For more than three decades, getting a candy apple on Halloween night from the only family in the community that made them was a race of all time.
To mark the end of an era, the Knott family of Curve Lake First Nation gathered to remember their late mother, Anita Knott, who to them and to all was simply known as “Bubbles.” Their mother and father started a tradition of sorts, by making candy apples for a Halloween treat. There was one caveat, though. Those who wanted one, had to say 'candy apple' in the Ojibwa language.
“Oh, she made them say it: Ziizbaaktowaabmin,” says Keith Knott when speaking about his late wife.
Becky Wolfe, Knott’s second eldest daughter, says her mother came up with the idea when she taught Ojibwa language at the former Lakefield District Secondary School.
“She thought it was fun if her students said 'Ziizbaaktowaabmin,' and if they did, she’d bring them one, and that’s how it started,” says Wolfe.
Holding a poster of selected photos of their mother making candy apples for Halloween, the Knott family paid tribute to their late mother who passed away in February of this year and gave the community one last great treat: candy apples.
Knott says making candy apples was a family effort, but in the early days it was just him and his wife. Up until this year they would candy 200 apples, which Knott says would all be gone within a few hours on Halloween. For the final year, the Knott family made just over 300.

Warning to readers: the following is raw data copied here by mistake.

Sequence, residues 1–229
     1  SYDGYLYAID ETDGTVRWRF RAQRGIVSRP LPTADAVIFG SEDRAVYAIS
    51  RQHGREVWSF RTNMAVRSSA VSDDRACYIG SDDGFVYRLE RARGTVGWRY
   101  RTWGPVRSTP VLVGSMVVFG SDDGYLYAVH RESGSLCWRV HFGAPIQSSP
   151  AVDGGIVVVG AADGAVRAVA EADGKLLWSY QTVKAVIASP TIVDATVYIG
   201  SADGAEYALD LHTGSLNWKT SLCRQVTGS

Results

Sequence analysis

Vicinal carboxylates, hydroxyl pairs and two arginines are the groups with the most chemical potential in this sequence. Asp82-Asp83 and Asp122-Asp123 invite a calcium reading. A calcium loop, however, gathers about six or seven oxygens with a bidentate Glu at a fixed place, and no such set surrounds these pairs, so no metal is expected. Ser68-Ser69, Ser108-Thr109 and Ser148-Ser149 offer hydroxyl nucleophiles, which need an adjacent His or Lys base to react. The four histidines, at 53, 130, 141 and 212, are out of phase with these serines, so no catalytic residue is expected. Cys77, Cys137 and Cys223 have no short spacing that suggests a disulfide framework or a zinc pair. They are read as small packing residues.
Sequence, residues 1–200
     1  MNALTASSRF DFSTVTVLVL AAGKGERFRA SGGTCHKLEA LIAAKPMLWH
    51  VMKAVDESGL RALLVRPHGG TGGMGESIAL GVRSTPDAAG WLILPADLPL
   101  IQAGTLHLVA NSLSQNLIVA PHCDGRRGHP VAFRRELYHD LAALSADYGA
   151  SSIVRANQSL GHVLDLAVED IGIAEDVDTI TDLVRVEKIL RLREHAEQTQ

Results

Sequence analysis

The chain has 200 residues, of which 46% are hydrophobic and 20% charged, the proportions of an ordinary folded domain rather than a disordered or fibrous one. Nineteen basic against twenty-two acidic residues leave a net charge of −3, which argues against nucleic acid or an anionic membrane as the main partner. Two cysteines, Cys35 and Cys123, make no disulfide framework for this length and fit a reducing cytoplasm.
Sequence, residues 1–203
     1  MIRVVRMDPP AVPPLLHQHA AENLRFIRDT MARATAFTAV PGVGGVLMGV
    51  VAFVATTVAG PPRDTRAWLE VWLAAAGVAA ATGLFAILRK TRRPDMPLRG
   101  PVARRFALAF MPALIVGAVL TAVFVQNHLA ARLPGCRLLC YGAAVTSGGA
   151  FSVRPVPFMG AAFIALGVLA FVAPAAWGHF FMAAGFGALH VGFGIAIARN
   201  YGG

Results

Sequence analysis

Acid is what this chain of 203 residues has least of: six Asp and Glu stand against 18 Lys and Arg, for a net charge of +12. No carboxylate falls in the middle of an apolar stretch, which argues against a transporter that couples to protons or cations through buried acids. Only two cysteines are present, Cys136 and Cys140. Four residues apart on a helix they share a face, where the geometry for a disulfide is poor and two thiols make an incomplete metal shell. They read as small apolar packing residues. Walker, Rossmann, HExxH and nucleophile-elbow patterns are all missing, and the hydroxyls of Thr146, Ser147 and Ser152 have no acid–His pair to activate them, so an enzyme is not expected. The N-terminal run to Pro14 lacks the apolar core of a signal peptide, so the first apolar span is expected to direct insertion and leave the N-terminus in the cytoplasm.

“Years before, Bubbles and I, we would spend half the day washing them, pulling off the stems.” added Knott. This year his five daughters all helped out.
Knott’s eldest daughter, Shelly Fife, says each of her sisters has a job when making the candy apples.
“Mindy, our youngest sister, she’s the dipper, coating the apples over and over. That’s her responsibility, and she does a pretty good job. Then my other two sisters, Jill and Giselle, and myself do wrapping, and putting in the wooden popsicle stick,” says Fife. With heartfelt feelings, Fife says she and her sisters, along with their father, agreed it was time to end the tradition and remember their mother at the same time.
“I don’t think we will continue next year. But I’m sure she will hear everyone say, Ziizbaaktowaabmin,” adds Fife.
Not only did community members flock to Knott’s home to get their candy apple, but trick-or-treaters would come from as far away as Lindsay to do the same. And, according to Wolfe, her mother would make sure others, such as her doctors and nurses, got a candy apple too.
Theresa McCue says it was always the talk of the community on Halloween to get to Keith and Bubble’s house in rain, cold, or whatever the weather as fast as possible so not to miss out .
“It was the best,” says McCue. “Both would welcome us into their home with her loving smiles and Keith’s always, ‘“Happy Halloween,’” and yes, we would have to say, Ziizbaaktowaabmin, as she was putting it into our Halloween bags. Such good times and great memories,”added McCue.
Knott says they always had the odd trick-or-treaters show up late looking desperate in hopes to get a candy apple. “A few times we had kids show up later in the evening, and if we didn’t have any candy apples left, we always had chips or other candies on hand so no one went without.”
Natalie Hamilton, Local Journalism Initiative Reporter, Peterborough This Week